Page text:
Image via Additude Magazine, click on image to link to APP article
Additude Magazine online has a new information guide called ADHD:The First 100 Days. It provides loads of information and resources for people who may want to know more about ADD and what can help.
The information about technology caught my eye because I know how many people are really into it and especially young people. In this article, written by a self-identified tech geek, the author mentions several APPs he has found very useful to manage time, work, sleep, e-mails, block out distractions and more. There is one APP he lists called “Rescue Time” that helps you track your activity on the internet. I got a laugh when he shared that he did not realize, and discovered with this APP, that he had spent 2 hours watching cat videos. I was laughing with him because I know the internet is so seductive. There is always one more interesting article to read or video. Other APPs like “Freedom” and “Anti-Social” help you block access to distracting sites while you are at work or working on a report.
This article lists 30 different APPs. I think there are many that could be very useful. What do you think? Have you discovered any APPs yourself?
I know I have been writing lately about the risk to our creativity caused by an addiction to technology like Smartphones. And I have written about how this addiction can prevent authentic face to face communication with other people. I still feel these are some of the big down sides of being so hooked on our technology.
But today I found an article about a very positive use for Smartphones. This was a New York Times post by Judith Newman about her son 13 year old son Gus who happens to have Autism and his relationship with Siri, the Apple Intelligent Personal Assistant.
I already was aware of the ability of technology to engage kids with special needs. Technology is one of the tools used in modern schools to teach kids the curriculum. The computer lessons are often designed like games to help kids learn phonics, spelling and math. The kids enjoy interacting with the games and the games reinforce what is being taught in the classroom.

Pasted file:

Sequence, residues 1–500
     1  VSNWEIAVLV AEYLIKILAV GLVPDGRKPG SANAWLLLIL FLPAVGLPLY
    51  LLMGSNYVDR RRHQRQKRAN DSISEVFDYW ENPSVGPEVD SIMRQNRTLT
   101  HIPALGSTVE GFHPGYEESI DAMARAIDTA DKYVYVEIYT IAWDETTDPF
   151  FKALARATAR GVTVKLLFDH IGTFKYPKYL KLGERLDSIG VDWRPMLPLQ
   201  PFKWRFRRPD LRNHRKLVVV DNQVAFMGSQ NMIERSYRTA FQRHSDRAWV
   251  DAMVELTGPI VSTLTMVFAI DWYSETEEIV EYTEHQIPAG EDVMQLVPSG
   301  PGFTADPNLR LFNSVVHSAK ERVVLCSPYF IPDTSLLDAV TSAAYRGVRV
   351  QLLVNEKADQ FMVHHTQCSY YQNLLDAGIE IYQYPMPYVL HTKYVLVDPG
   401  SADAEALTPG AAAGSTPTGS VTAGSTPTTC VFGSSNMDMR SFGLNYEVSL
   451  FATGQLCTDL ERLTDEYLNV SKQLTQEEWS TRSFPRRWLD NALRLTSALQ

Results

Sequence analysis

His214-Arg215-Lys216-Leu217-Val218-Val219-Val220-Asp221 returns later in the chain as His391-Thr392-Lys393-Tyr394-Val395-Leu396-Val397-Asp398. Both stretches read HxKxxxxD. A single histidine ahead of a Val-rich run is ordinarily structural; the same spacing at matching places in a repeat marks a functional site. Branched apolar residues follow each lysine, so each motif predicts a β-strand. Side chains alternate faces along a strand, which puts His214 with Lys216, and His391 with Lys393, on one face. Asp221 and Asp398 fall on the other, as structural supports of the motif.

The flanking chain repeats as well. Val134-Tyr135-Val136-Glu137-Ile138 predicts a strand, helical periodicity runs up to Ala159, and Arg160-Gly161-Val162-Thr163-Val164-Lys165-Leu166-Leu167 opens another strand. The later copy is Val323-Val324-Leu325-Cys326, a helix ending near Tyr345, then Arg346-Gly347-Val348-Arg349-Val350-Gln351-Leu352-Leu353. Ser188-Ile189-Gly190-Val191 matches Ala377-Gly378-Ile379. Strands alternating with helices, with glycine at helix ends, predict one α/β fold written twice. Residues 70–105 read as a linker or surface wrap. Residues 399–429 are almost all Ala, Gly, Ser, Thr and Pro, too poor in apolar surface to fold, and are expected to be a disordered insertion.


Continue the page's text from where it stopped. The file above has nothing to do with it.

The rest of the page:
Ms. Newman’s post described how the features of Siri are beneficial to her son’s special needs. Kids with autism can have major difficulty engaging with other people socially in conversation. They can have special interests or obsessions about certain topics that they want to talk about to the exclusion of all else. They do not pick up on cues from other people that they are not interested and they find it hard to be able to take turns in conversation. Siri is able to talk with Ms. Newman’s son Gus on all his favorite topics without losing patience with him. Even though the voice recognition feature has some problems this is actually a plus for Gus because he is made to enunciate. This helps him practice speaking clearly. Siri also models being polite. When Gus got a bit sharp with Siri over some music suggestions she had made, Siri told him he had a right to his opinions. This helped him realize that he did not need to get angry if he did not agree with someone and then he thanked Siri for the music.
This sounds like a great use for this type of program for kids that need to learn and practice the art of conversation. It is a help to parents who need a respite from the long discussions with their kids about their child’s special interests. I would not want to see the kids getting attached to these devices to the exclusion of everything else but I do see how they can be beneficial in certain ways.
Definitely something worth further investigation, don’t you agree?